When you hear a story read aloud, you can enjoy the emphasis and drama in the voice of the storyteller. Their expression of the people and events become yours, too. When you read a story, on the other hand, your imagination brings images to mind and so your own perceptions inform your understanding.
That distinction became clearer to me recently as I enjoyed two books in succession. One was The Vinyl Café Celebrates by Stuart McLean, and it is the written word of some stories I had originally heard on the radio. The second was the audiobook version of the crime novel The Silkworm by Robert Galbraith. (Robert Galbraith is a pen-name of J.K. Rowling)
I thoroughly enjoyed reading McLean’s stories. They are warm, tender, and amusing tales of everyday life in a small Canadian town. The imaginary family at the centre of these stories include Dave, who runs a record store, his wife Morley, and their children, Sam and Stephanie. Dave is a good-hearted man with only the best of intentions but, one way and another, he ends up in lots of unexpected and hilarious situations. A canoe trip that was meant to be a romantic anniversary becomes an exercise in survival. One Christmas he belatedly discovers that “taking care of the turkey” meant defrosting it, too. Solving that little problem results in so much inventiveness that you can only cheer at the outcome.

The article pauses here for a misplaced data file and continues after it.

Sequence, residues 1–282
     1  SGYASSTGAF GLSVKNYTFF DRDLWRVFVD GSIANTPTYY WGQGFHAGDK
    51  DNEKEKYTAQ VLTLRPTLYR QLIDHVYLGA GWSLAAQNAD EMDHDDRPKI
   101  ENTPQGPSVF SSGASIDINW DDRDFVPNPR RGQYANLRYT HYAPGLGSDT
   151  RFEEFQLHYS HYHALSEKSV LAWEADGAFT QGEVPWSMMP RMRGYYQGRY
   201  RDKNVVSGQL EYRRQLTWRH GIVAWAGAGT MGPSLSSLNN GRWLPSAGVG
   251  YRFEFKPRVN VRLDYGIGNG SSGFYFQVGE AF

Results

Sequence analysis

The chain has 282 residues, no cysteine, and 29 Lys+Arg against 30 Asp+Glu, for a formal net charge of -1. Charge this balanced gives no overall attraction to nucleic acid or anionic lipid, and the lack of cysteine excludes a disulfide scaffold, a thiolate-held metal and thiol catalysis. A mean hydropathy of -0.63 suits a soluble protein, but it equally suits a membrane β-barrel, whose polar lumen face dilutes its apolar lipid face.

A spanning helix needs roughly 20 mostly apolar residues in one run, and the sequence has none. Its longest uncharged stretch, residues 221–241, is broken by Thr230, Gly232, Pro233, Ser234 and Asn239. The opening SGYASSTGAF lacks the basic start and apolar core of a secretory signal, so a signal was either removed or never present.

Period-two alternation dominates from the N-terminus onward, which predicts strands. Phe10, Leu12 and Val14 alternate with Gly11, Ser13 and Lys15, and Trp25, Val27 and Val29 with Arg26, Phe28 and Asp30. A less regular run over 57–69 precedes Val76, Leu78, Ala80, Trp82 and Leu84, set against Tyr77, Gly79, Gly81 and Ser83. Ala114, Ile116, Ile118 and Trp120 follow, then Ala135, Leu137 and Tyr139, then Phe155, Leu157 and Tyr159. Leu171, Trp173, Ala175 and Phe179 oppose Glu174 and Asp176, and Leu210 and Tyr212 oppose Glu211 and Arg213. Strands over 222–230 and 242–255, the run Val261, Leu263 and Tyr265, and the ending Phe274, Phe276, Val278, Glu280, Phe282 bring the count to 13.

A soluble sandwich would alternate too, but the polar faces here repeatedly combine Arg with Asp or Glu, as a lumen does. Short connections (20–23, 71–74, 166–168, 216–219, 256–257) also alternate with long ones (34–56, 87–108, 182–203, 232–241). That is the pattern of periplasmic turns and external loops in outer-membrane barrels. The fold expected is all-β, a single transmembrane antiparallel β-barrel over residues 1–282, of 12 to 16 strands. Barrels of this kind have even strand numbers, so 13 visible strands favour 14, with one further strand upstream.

As much as I enjoyed this book, I have to say I missed the sound of Stuart McLean’s voice. I have fond memories of listening to him tell these stories on CBC radio. I would often tune in to listen to the weekly broadcasts, and his gentle voice always sounded as though he was smiling. The program aired from 1994 to 2015, and when I was reading the book, I tried to imagine his voice, his tone, and his perfect pauses.
Right after I had read The Vinyl Café Celebrates, I listened to the audio book The Silkworm, a great whodunnit. This is the second in the C.B. Strike series of mysteries, and it revolves around the death of an unpopular author, Owen Quine.
The reader is thrust quite quickly into the dog-eat-dog world of literature publishing, and I suspect that the author may have had an axe to grind. Even so, it is a fascinating yarn with lots of red herrings and possible villains. The version I listened to was narrated brilliantly by Robert Glenister. He gave the characters each their own “voice,” including various accents which, to my ear, were pretty nearly perfect. I heard pronunciations I recognized from London, Cornwall, and Yorkshire, as well as the standard, non-regional, BBC accent of the narrator.
One difficulty I found in listening to the story was that I wanted to know how some words were spelled. In particular, the name of the deceased author, Quine, sounded strange to my ear and I didn’t know how to write it for this essay until I had looked it up online. (I would have spelled it with a ‘y’, based only on how I heard it.) Some other names and places were new to me and, similarly, I wondered how they were written.
It also dawned on me that when I am reading the text of a conversation, I never think that a character in a novel is speaking too quickly for me to understand them easily. They always speak at the speed of my comprehension. The same is not true for an audiobook. Sometimes I want to slow someone down, but I don’t have that control. I can only rewind and replay, which takes away some of the spontaneity. Nevertheless, The Silkworm is an engaging story with believably flawed characters who navigate city living and expenses in ways most of us can relate to while, at the same time, solving a crime.
Both of these books are recommended, and both have given me reason to reconsider the significance of ‘voice’ in all its meanings.